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What lengths will Silver Maple roots go?

WildRoots

WildRoots

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Can roots from a Silver Maple grow down the length of a 9 foot foundation wall, under the footing, and cause settling to a basement floor?

Over the past several years I've noticed the floor of my basement was showing an increasing number of cracks. I noticed also the fireplace (which has its footing in the middle of the basement) has been settling over this time. The poured concrete walls show no signs of cracking or settling, at least as far as I can tell. I've checked both sewage/water lines for leaks and none found. There is a mature Silver Maple located 33 feet from the foundation that was planted when the home was built in 1983. Near the tree, the depth of the basement floor from ground level is approximately 9 foot.

I thought Silver Maple had relatively shallow roots, 30 or so inches. The surface roots are exposed all around the tree so much that a mower can no longer be used in the area.

Thanks for your insight.
 
buzz sawyer

buzz sawyer

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Can't say for sure but I've heard that there are s many roots as there are branches and they always look for water. I had roots growing into a sewer in a ground floor bathroom that was about 12' from the outside and only grass was outside. The roots had to grow under or through the footer or block wall. There were no cracks in the floor.
 
WildRoots

WildRoots

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I've seen the kind of root damage that you described. But in those cases the roots and damage were within two foot of the ground surface. Your probably right - roots will grow in search for water and nutrients wherever it can be found. I am just really surprised they could grow 9 foot below the surface and under the foundation footing.
 
Woodanhor

Woodanhor

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Not saying its not possible for the roots to grow that far but to me settling is more of a dirt or foundation issue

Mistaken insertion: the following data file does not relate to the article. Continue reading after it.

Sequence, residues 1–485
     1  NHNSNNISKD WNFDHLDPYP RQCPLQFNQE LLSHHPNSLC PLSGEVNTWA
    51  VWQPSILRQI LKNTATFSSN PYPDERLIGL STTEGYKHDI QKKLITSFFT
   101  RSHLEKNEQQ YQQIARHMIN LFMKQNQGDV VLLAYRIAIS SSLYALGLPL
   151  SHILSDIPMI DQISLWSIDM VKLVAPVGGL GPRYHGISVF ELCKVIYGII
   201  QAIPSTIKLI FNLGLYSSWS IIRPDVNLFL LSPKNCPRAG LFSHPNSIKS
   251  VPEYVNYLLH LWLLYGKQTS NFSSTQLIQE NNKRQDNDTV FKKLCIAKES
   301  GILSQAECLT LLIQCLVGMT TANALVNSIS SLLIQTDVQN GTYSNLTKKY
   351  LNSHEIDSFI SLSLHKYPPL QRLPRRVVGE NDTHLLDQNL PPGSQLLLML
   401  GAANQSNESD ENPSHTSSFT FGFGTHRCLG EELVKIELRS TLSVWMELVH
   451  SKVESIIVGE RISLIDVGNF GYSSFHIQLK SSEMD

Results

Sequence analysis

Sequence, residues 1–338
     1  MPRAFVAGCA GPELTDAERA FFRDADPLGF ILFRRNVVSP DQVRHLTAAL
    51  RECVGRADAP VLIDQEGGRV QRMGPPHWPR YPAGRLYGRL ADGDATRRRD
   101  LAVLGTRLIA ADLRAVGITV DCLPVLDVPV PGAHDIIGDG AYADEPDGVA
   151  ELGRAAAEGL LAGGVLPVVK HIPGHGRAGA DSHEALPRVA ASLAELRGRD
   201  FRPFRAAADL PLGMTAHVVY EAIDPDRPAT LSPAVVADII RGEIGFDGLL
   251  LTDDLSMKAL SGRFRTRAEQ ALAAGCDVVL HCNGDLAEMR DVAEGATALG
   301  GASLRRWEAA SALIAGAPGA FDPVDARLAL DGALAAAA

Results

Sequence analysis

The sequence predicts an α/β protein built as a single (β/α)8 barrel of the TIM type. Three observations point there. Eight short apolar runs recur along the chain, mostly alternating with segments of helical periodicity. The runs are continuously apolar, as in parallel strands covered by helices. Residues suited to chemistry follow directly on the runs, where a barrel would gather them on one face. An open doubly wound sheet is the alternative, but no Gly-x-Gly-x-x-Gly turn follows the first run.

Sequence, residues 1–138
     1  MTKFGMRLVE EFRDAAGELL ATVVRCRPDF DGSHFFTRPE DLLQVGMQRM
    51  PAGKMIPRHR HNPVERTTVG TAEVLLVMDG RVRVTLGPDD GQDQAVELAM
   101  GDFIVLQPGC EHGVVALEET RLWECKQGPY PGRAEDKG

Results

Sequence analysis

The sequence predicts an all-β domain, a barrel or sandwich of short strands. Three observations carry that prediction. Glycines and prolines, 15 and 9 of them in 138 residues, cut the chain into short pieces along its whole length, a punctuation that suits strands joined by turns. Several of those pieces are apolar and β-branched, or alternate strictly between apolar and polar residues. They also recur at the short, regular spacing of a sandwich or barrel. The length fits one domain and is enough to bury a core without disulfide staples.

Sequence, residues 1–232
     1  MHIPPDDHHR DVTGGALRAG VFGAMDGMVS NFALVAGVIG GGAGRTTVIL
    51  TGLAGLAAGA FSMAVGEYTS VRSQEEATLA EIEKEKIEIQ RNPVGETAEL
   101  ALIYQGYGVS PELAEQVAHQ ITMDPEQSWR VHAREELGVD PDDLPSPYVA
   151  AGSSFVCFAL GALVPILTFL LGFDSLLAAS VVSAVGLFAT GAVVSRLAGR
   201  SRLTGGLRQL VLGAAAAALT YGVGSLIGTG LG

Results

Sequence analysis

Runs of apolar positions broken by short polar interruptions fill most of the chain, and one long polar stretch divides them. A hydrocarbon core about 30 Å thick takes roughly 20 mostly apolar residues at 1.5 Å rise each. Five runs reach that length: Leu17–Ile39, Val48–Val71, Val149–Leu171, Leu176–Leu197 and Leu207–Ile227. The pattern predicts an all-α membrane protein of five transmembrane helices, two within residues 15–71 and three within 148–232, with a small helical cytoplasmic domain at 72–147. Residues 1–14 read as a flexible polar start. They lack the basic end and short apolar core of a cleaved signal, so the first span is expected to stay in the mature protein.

If any organic material or stumps were left when house was built they will decompose and settle

Any live roots I've seen under walkways always bulge the walk or driveway
 
WildRoots

WildRoots

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Thanks for the suggestion. Raised sidewalks, driveways, curbs, and such are primarily what I associate with root causing damage too. I have not considered organic material from original construction decomposing. There is one area in the middle of the basement floor that is noticeably raised. I guess that could be from portions of the floor dropping due organic stuff decomposing in some areas and not in others, or, something heaving it up. Not sure how I would go about determining if something under the floor was decomposing short of breaking up part of the floor and having a look. If there is something decomposing under the floor, it seems there is little that could be done except wait it out, then re-level the floor. To try and find the cause short of breaking up the floor to check it out or cutting down the tree, I was considering cutting a 30 inch deep trench about five or six feet from the house foundation to placing a root barrier. If roots are the cause, that should show immediate results. If not,....?
 
Woodanhor

Woodanhor

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Not 100% on the trench idea I dont think in my opinion its a root issue maybe someone else has experienced it

As far as your floor if it wasn't properly compacted before the cement floor was poured it could settle

It might not be bad enough to worry about

Also my concerns might be different if you're in sinkhole country or dealing with a wet basement or water issues that could be a whole nother can of worms :dizzy:
 
Woodanhor

Woodanhor

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Thanks for the suggestion. Raised sidewalks, driveways, curbs, and such are primarily what I associate with root causing damage too. I have not considered organic material from original construction decomposing
Stumps and dead roots decompose cause settling too I see it in lawns often
 
WildRoots

WildRoots

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The soil is relatively stable in this area - a lot of clay and rock. Perhaps it is just the soil settling from not having been compacted before it was poured and I should give a bit more time to wait-and-see. It does make me wonder why it began settling recently after being poured 37 years ago.
 
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